Report: Israel, Bahrain Could Announce Normalized Ties By Next Year

bahrain king

TEL AVIV – The normalization of diplomatic relations between Bahrain and Israel may be announced in the near future, Bahraini and Western officials were quoted as saying over the weekend.

Bahraini officials said an official announcement could happen as early as next year, the Middle East Eye reported.

“I do not think we will witness the opening of an Israeli embassy here, but probably we will have official visits from ministers of trade and economic affairs,” an unnamed Western official told Middle East Eye.

The move comes on the heels of several overtures that indicate that Bahrain’s attitude toward Israel is different from that of its Arab neighbors. From 2008-2013, a Jewish citizen of the country, Houda Ezra Ebrahim Nonoo, served as the Bahraini ambassador to the U.S., marking the first time a Jew represented an Arab country. Since 2015, the king has celebrated Hanukkah at his palace with both Muslims and Jews present. In May, Israeli football officials were invited to the FIFA congress held in the kingdom.

Last week, Breitbart Jerusalem reported that the Gulf nation’s King Hamad bin Isa al Khalifa slammed the Arab boycott of Israel and said he encourages his subjects to visit the Jewish state while at an a multi-faith event hosted the Simon Wiesenthal Center in Los Angeles, CA.

Bahrain and Israel share concerns over the threat posed by Iran with the tiny island nation accusing Tehran of setting up terror cells in its country. According to the official, any misgivings by the Bahraini people about a rapprochement with Israel would be trumped by their hostility towards the Iranian regime.

“I would not say this year, maybe the year after, they will tell the populace that it is important to confront Iran, and people with time will accept it,” the official said.

“Israel does not threaten our security or conspire on us but Iran certainly does,” the official said.

An imam from the country’s second city of Riffa told the Middle East Eye that the government had ordered mosques to stop giving sermons that criticize Israel.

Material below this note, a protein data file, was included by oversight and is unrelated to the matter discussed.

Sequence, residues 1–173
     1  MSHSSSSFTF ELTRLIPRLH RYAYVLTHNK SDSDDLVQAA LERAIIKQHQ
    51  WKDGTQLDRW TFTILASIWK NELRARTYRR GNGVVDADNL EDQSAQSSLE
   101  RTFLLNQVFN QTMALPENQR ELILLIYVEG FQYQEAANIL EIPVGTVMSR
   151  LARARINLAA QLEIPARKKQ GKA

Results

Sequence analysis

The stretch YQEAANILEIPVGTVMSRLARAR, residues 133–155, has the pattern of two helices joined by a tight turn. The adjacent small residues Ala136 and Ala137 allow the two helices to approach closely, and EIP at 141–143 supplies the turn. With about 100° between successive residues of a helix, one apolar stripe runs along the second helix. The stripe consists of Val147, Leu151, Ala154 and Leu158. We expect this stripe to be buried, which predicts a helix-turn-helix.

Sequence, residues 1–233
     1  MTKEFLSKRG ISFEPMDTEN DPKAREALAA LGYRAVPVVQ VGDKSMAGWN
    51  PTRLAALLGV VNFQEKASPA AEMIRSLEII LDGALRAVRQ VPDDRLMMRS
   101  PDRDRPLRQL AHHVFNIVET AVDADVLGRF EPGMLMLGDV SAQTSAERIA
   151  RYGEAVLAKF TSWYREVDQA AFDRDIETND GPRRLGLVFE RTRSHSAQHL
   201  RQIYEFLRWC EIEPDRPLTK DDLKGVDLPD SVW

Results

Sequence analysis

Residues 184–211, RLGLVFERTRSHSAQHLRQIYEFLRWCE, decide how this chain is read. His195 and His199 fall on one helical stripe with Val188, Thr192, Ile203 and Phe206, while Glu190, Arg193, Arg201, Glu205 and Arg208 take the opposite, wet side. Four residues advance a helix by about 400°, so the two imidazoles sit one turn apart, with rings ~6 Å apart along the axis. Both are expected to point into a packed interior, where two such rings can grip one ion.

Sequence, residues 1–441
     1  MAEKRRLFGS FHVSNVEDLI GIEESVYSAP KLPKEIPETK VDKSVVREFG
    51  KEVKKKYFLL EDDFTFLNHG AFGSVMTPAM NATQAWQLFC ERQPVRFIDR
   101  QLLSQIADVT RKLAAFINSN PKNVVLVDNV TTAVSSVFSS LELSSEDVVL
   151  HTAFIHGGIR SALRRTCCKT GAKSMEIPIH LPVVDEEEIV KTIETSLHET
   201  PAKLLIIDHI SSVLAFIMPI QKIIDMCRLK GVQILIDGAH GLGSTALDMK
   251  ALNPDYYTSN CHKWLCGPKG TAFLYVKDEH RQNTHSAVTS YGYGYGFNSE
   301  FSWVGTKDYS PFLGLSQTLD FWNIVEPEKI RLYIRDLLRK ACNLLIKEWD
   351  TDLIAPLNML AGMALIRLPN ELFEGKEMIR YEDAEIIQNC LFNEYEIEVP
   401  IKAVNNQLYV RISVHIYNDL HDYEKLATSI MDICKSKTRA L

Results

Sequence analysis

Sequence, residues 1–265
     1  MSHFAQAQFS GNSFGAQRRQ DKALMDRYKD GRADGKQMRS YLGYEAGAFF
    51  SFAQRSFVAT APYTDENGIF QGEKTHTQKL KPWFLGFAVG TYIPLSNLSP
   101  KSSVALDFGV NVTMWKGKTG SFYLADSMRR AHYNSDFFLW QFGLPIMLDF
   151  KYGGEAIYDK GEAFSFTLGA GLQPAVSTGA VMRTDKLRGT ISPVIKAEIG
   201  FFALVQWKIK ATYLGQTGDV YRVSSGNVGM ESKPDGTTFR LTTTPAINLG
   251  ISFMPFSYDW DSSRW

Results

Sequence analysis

Earlier this year, King Hamad invited Rabbi Marvin Hier, who is the dean and founder of the Simon Wiesenthal Center, and Rabbi Abraham Cooper, the center’s Associate Director, on an official visit to Bahrain’s capital of Manama where they toured – among other sites – the only synagogue to still exist in the Persian Gulf region. The three also discussed opening a Museum of Religious Tolerance in Manama.

“The king made a clear statement: ‘It’s illogical for the Arab world to boycott Israel. We must find a better way,’” Hier told The Times of Israel regarding the monarch’s remarks in Los Angeles this month.

Hier said the kind would “absolutely and unequivocally” follow through on his promise to allow Bahrainis to visit Israel.

Cooper said at the time that the island nation, like Israel, “lives in a tough neighborhood. But if there is to be any hope for the future, it will have to be realized by voices of religious moderation.”

On Sunday, Israel’s Foreign Ministry wrote on its Arabic Twitter account, “Bahrain’s King Hamad bin Isa al-Khalifa denounced the Arab boycott against Israel and has confirmed that Bahraini citizens are now free to visit #Israel.”

However, the tweet was soon deleted – possibly out of a fear of backlash from the Arab world.

Hier said of all the Arab leaders he has met, the Bahraini king “is far advanced in his thinking from other leaders in the region. There is no comparison. The others are much more cautious. ”

“He sees, in my opinion, that there is no reason for there to be hostilities between Israel and his kingdom,” he said.

Hier added that the king “made it clear” that Bahrain and Israel could be obvious allies in their shared desire to stem Iranian influence in the region.

Wikileaks documents show that the there have been several high level meetings between Israel and Bahrain over the past decades, which have included respective foreign ministers of both countries and intelligence officials.

In 2016, Bahrain was the only Gulf country to publicly mourn the passing of former president Shimon Peres.

“We are entitled, and look forward, to the day when we see an independent state, living in peace and security, side by side with the State of Israel,” a statement from Bahrain’s Foreign Minister Sheikh Khaled bin Ahmed Al Khalifa said.

In 2010, an Israeli hospital provided life-saving surgery to a Bahraini princess.

Prime Minister Benjamin Netanyahu said during his speech at the UN General Assembly that Israel was enjoying its “best-ever” relations with the Arab world.


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